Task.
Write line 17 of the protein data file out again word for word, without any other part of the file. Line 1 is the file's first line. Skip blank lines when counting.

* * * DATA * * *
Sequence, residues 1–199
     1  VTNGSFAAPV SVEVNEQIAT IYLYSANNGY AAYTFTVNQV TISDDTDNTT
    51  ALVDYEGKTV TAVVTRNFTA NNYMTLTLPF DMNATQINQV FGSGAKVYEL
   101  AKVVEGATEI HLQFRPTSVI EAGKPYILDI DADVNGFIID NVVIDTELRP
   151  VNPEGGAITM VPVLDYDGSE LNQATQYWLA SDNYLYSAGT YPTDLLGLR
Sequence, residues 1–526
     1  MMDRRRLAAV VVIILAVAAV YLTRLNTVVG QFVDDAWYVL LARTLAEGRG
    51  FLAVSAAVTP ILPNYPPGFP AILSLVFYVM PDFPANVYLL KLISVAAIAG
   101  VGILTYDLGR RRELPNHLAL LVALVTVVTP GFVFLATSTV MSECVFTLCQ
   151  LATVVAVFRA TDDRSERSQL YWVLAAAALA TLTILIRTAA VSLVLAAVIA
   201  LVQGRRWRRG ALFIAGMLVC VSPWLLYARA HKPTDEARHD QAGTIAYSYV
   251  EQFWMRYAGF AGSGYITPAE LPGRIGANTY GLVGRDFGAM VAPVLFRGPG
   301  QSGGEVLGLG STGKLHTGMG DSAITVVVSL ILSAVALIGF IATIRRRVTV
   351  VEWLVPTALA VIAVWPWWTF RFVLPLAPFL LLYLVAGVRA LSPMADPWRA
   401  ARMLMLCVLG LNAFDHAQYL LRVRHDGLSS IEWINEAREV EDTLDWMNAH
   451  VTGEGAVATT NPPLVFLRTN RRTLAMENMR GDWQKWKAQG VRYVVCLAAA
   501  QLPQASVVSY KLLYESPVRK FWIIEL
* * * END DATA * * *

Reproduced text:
   501  QLPQASVVSY KLLYESPVRK FWIIEL